“Say what you need to say.”– John Mayer
If you get hung up on what to say or write, you think you don’t know how to tell a good story, I see you, and today is for you.
An essential element of quality storytelling is not that you create a literary masterpiece. It’s that you engage in a conversation.
The individuals in your audience want to be treated like regular people. Don’t patronize them. Don’t give them a bunch of lip service. They see right through you. Their BS radar is on hard, and you are far too easy to scroll past.
I attended Gabrielle Dolan’s storytelling workshop last year to learn from Australia’s top corporate storytelling leader. She ran an exercise called “Is it a story or not?”
Many brands will include “their story” on labels, and we explored a few to see which ones inspired and which ones got the thumbs down.
Thumbs-down stories tended to be chronologies of events, like a history of an organization where you had to hold your eyes open (from falling asleep) to get through it. Or stories that contain a lot of meaningless words, which I’ll get to in a minute.
Being part of the conversation means what you say is something you’d say in conversation. Conversational language differs from lip service. Lip service is declaring that the community is the center of everything you do. If you rely on words like “world-class” or use terms that don’t mean anything (like award-winning, donor-centric, experiential), you are paying lip service. When you declare you are “thrilled” about something, you are paying lip service. That last one might have just ticked you off. But how often do you read that the CEO is thrilled to announce something, and from the audience’s perspective, I ask you: Do you care if the CEO is thrilled or not?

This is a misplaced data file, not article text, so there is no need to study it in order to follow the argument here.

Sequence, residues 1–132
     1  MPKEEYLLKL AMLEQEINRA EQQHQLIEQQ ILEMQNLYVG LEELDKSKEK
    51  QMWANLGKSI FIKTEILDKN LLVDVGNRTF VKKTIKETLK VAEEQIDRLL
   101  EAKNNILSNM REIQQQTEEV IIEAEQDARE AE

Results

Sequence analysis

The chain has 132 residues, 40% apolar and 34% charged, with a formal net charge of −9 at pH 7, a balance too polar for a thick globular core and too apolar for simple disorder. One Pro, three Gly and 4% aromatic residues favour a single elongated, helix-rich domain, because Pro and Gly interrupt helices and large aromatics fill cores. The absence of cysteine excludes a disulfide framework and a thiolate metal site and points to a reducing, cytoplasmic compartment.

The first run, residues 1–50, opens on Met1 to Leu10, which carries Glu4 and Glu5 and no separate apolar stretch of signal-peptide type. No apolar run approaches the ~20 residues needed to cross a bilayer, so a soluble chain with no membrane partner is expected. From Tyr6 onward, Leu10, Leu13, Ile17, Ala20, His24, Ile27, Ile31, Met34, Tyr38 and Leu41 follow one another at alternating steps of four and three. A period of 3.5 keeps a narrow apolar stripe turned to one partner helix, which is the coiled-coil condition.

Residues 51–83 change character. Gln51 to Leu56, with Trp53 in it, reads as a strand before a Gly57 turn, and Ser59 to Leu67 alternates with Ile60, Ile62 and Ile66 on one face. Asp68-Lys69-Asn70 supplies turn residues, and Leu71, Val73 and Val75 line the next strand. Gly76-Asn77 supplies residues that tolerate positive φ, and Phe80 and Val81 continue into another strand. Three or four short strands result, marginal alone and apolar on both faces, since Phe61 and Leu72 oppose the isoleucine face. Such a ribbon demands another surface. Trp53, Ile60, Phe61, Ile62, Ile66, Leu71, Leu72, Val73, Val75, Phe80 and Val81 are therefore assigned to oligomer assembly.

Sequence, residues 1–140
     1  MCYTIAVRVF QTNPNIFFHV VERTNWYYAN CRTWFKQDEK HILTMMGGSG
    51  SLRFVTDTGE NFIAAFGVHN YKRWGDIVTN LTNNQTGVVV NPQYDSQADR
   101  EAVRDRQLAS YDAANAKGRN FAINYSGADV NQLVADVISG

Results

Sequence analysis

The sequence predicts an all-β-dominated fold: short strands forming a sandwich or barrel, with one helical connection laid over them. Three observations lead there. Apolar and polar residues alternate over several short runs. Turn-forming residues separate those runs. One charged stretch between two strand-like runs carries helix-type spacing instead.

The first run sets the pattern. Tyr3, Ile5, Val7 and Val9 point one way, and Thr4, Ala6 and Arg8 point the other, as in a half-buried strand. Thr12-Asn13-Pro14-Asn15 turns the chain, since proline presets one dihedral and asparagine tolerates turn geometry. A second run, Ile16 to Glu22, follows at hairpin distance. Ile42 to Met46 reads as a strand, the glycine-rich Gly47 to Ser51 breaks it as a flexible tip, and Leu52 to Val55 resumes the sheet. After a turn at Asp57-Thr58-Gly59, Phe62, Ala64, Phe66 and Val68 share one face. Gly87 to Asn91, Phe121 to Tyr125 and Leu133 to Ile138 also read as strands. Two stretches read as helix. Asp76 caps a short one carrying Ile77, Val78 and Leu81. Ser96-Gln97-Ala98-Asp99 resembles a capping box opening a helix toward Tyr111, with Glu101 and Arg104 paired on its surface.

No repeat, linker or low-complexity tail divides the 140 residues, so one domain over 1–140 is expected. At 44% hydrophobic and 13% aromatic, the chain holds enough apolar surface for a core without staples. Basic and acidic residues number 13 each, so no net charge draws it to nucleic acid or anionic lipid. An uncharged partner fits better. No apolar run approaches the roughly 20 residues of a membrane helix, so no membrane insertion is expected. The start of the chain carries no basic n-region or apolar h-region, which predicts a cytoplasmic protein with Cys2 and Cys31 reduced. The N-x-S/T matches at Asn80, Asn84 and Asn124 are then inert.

This is the kind of filler that turns the BS radar on. Your audience knows when you sat down at your desk to fill a screen with content that needs to go out today. And so you did what you could.
When a client I am working with said she needed to work on her draft because it needed more love, I told her it just needed more story. You can’t just put emotion into it. To evoke emotion, you have to invoke emotion.
In my earlier post on storylistening, I showed how stories come through you, not from you.
If you can speak to someone’s experience, you’re telling a story.
Charity: water brings clean water to impoverished communities in Africa. In his book Thirst, author and founder Scott Harrison describes a young three-year-old girl he saw at a muddy pond in Africa. She filled her water bottle, took a drink and threw up on her shirt, stooped to get more water, and repeated. We don’t need the name of this girl. This is all we need to understand the situation. You can talk about bringing clean water to communities in need. But we don’t get it until you tell us about the girl on the shore so thirsty she keeps drinking even though the water makes her throw up. Now we want to help.
My filter for you:
- If you find yourself using filler terms and generic turns of phrase, imagine the BS alarm going off. Stop and ask yourself what you are trying to say.
- Give me an example.
- Are you still struggling? Imagine you are having coffee with a friend, and you are telling him or her about it. What would you say?
I’d like to know what turns your BS radar on?
Take care out there,
Some ways I may be able to help you and your team:
Want help seeing things differently? Ready to make that idea of yours happen? I still have a few spaces available in July for my Take a Big Leap Coaching program for purpose-driven individuals who want to make a big change or level up their career, business/organization, or want to strike out on their own and launch their thing. This four-month, one-on-one program will help you articulate and make your idea of change happen. Respond here, and we can schedule a time to discuss.
Help non-profit team members level up their storytelling. In this three-part series, I can work with your team to help you elevate your organization’s communications and storytelling skills. Want more details? Respond here to schedule a time to talk.
Digital Transformation. Need to bring your work online? I’m here to help. Contact me for details.
Stay in touch.
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